by John Franck
One word that often comes to mind when describing Metallica is "ambitious."
Beginning with Kill 'Em All, each Metallica album until And Justice For All (which I'll call the end of Phase I) has been groundbreaking in its own way. Kill 'Em All reinvented hard rock; the follow-up, Ride the Lightning, introduced classical textures and a ballad, "Fade to Black" (unthinkable for a thrash metal band at that time).
Metallica's third release, Master of Puppets, stands, perhaps, as the band's career-defining record. Finally, don't forget And Justice For All, which made the band a household name in the United States courtesy of the song "One" and its grim video.
Then, just when you thought the band couldn't top itself, Metallica released its self-titled "black" album. Working for the first time with a commercially viable producer, Bob Rock, was a sound decision as the album and accompanying three-year tour turned the band into the biggest rock act of the '90s. Cue end of Phase II.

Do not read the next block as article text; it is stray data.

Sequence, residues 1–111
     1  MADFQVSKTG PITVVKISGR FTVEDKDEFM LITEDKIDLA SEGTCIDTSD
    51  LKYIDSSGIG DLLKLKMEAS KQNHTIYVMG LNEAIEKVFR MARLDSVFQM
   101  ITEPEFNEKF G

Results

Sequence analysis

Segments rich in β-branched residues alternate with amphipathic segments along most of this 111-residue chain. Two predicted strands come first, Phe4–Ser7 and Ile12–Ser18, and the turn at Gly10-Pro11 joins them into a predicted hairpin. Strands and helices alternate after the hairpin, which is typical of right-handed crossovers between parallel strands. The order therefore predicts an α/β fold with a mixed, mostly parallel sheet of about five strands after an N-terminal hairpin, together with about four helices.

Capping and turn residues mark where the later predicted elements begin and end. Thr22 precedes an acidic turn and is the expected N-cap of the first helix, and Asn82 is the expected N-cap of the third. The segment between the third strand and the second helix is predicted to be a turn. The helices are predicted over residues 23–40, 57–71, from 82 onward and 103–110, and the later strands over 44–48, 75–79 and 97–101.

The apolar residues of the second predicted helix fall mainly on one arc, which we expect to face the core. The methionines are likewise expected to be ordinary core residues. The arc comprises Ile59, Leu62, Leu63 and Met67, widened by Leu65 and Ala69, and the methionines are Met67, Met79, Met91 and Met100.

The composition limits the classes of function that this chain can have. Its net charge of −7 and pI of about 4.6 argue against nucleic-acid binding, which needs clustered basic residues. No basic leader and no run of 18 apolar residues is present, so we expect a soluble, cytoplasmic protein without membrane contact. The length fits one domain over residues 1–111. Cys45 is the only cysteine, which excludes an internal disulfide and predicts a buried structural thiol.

Each subsequent record, including Load and Re-Load, has been a consistently solid outing.
Now comes what appears to be (at least on the surface) the band's most ambitious undertaking yet — a collaborative effort with the San Francisco Symphony Orchestra conducted by Michael Kamen. Kamen, no stranger to the rock-symphony marriage, has also tried this with Aerosmith, Pink Floyd and a host of others. In some respects, some of the material on S&M works in this context. The older songs, such as "The Call of Ktulu," "Battery" and "The Thing That Should Not Be," sound strong. However, the band's newer material simply doesn't work; it's too cluttered and busy. Metallica's guitar attack on "Fuel" and "The Memory Remains" is lost amid the mishmash of strings and tympanis. As an experiment, the band proved its point. But in terms of artistry, S&M is an uneven, confusing record (I wouldn't be surprised if the band planned it that way).
Metallica has delivered many recordings — all good, some better than others. And alongside Led Zeppelin, Metallica remains the most consistent proponent of a genre that critics have always been quick to dismiss.
Stay tuned for Phase IV.